Facebook Account Locked Due to Malware Warning
OutlineMessage circulating on Facebook warns users not to click on a popup window advising that their Facebook account has been temporarily locked because malware has been detected on their computer. According to the message, clicking "continue" on the popup will install a virus that will wipe out the user's computer.
© Depositphotos.com/ panama555
Brief AnalysisThe claims in the warning are untrue. In fact, the popup message is a legitimate Facebook feature designed to help users rid their computers of malicious software. Clicking the "Continue" button will take the user to a process that includes downloading and running a malware scanner. The feature is part of Facebook's "Malware Checkpoint" system. Sending on this misleading message is counterproductive and will help nobody.
Text of popup message:
Your account is temporarily locked
Your account has been temporarily locked because we have detected malicious software on your computer. Malware is malicious software that tries to access your personal information, slows your connection, and could cause other problems when you use Facebook. Your computer can become infected with malware when you click or share spammy links.
To get help removing the malware, click Continue. Once the malware is removed, you can log in to your account.
The warning includes a screenshot depicting the popup window.
However, the the claims in warning are untrue. The popup window is a legitimate Facebook feature designed to help users rid their computers of malicious software. If the popup window appears on the user's screen when he or she tries to access Facebook, it means that Facebook's security system has detected a possible malware infection on the user's computer and has consequently locked the account until the malware has been removed.
Clicking the "Continue" button will lead the user through an account recovery process that includes downloading and running an anti-virus scanner designed to find and remove malware. This system has been operating on Facebook for several years. A July 2012 Computer World article on the issue explains:
Facebook already uses internal scanners to detect spam and malicious messages that might have been sent from user accounts hijacked by malware.And Facebook provides information about the process in its help files, noting:
When found, such accounts are temporarily locked down and their owners are asked to go through a multi-step account recovery process that involves downloading and running a malware scanner called McAfee Scan and Repair.
When I log in to Facebook, I see a message telling me I have a virus and need to scan my computer with anti-virus software.In 2012, Facebook extended this "Malware Checkpoint" functionality to allow users to download and run selected anti-malware products before they received the above "account locked" message. In an announcement about the feature, Facebook noted:
You're seeing this message because our systems detected spam or other malicious content posted by your Facebook account. This activity suggests your computer might be infected with malware. In order to keep both your account and the files on your computer secure, your computer needs to be scanned and cleaned. Since we partner with anti-virus vendors like McAfee and Microsoft, you can do this for free by logging into Facebook and following the on-screen directions.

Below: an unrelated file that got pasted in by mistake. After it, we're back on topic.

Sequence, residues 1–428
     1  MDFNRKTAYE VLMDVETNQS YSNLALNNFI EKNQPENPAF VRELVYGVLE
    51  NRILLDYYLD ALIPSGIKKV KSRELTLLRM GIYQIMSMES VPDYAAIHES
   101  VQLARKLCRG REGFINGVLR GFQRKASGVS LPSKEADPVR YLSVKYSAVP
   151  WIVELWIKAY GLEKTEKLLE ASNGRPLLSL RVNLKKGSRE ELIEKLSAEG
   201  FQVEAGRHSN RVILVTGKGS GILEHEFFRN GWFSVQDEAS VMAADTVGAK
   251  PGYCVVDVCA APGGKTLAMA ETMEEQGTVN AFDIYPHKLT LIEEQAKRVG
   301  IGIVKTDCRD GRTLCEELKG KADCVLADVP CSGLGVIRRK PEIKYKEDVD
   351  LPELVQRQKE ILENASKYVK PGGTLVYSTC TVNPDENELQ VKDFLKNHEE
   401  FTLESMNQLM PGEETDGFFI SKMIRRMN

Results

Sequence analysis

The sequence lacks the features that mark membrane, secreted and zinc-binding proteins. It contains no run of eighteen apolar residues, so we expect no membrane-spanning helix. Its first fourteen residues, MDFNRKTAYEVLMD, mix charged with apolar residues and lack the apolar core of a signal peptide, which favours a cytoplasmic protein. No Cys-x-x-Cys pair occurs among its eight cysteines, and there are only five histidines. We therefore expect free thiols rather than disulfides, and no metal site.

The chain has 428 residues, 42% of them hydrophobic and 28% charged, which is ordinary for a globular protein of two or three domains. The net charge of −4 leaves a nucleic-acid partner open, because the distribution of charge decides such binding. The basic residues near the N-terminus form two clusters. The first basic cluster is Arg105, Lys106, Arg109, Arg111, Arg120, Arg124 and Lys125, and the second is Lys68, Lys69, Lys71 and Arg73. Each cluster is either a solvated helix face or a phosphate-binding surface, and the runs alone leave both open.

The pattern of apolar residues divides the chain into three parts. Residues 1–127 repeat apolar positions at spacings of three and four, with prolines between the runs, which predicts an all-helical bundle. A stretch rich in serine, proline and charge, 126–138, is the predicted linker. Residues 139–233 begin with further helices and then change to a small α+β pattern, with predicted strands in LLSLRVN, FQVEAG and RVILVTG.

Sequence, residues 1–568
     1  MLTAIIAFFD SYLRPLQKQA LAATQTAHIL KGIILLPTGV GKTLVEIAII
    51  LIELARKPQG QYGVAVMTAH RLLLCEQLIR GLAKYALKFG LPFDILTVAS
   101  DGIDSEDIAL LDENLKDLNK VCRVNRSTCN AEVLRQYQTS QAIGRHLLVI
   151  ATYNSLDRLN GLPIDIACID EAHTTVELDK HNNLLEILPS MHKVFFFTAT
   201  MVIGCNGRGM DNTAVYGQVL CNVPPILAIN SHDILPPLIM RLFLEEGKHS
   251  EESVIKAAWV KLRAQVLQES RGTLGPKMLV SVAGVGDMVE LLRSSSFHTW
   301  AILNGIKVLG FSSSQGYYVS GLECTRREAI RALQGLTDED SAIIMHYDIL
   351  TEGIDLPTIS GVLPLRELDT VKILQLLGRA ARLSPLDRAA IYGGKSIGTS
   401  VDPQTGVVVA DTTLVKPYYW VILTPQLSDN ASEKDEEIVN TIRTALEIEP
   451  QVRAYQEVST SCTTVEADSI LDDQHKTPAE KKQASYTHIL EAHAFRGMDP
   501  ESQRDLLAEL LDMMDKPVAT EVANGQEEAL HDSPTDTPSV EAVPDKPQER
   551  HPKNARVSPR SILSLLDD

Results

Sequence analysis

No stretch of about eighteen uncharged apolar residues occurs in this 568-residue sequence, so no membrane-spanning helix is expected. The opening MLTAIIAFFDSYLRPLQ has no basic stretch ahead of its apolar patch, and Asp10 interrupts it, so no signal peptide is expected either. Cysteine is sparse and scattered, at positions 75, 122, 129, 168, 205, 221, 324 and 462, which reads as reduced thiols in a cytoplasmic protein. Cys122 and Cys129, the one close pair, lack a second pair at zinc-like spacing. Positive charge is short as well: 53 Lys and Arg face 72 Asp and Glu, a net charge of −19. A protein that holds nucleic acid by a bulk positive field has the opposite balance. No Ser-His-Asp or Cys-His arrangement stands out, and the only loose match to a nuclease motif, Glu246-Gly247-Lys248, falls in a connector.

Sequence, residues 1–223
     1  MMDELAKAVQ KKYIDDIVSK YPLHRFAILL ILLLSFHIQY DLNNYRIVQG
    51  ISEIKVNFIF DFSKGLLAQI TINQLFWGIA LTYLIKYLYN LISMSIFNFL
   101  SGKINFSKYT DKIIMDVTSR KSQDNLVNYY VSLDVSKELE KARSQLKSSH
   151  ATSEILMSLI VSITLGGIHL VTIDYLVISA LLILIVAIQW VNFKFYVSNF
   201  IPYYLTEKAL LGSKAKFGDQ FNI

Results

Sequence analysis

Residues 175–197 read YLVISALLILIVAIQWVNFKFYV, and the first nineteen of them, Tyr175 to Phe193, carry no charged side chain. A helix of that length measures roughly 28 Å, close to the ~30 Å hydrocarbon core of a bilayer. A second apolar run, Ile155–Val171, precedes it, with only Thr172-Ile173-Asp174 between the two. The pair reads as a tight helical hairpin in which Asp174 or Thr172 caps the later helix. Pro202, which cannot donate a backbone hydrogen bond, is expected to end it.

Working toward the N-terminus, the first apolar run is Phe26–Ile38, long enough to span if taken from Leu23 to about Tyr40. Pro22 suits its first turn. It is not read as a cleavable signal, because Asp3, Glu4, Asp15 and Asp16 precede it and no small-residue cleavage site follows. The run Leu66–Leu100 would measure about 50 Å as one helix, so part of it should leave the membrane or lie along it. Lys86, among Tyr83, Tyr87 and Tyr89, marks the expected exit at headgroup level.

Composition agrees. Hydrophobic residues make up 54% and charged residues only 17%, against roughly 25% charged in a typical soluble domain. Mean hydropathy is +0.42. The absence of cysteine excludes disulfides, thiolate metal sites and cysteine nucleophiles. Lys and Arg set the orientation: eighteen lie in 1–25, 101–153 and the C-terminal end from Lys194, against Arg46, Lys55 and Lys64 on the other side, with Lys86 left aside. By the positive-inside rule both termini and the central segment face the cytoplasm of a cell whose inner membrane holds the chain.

Previously, if you suspected you may have malware installed on your device, you would either need to run anti-virus on your device or wait until Facebook identified an actionable threat. Now, with our new self-enrollment malware checkpoint, you will be able to proactively obtain your choice of a free anti-virus product to scan and clean your system.Thus, the popup is not a threat as claimed in the above bogus warning. Ironically, the system is designed to help people deal with malware that may already be on their system, so this warning is not only wrong but could actually increase the risk to users by denying them the opportunity to clean their computers. Reposting this misleading information is therefore counterproductive and will help nobody.
That said, it is perhaps understandable that users have been concerned about these popup messages, because similar claims are often made in scam emails. Some phishing scam emails may claim that a user's account will be disabled if they do not click a link or open an attached file to update account information. These scam are designed to steal account login details. And, given that some malware may cause unexpected windows to appear that try to trick users into disclosing account information, it is always wise to be cautious and check any such requests before proceeding. However, in the case of the above popup notification, which will only be displayed when users try to access their Facebook accounts, the claims are legitimate.
Of course, the best way of avoiding having your Facebook account locked for malware as described above is to ensure that you already have up-to-date anti-virus and anti-malware scanners installed on your computer. You should also make sure that your operating system, browser and other software always has the most recent security updates applied, as this will also help avoid malware infections. And, as always, caution is required when following links or opening attachments in unsolicited messages.
Last updated: May 29, 2013
First published: May 29, 2013
Research: David White, Brett Christensen
Written by Brett M. Christensen
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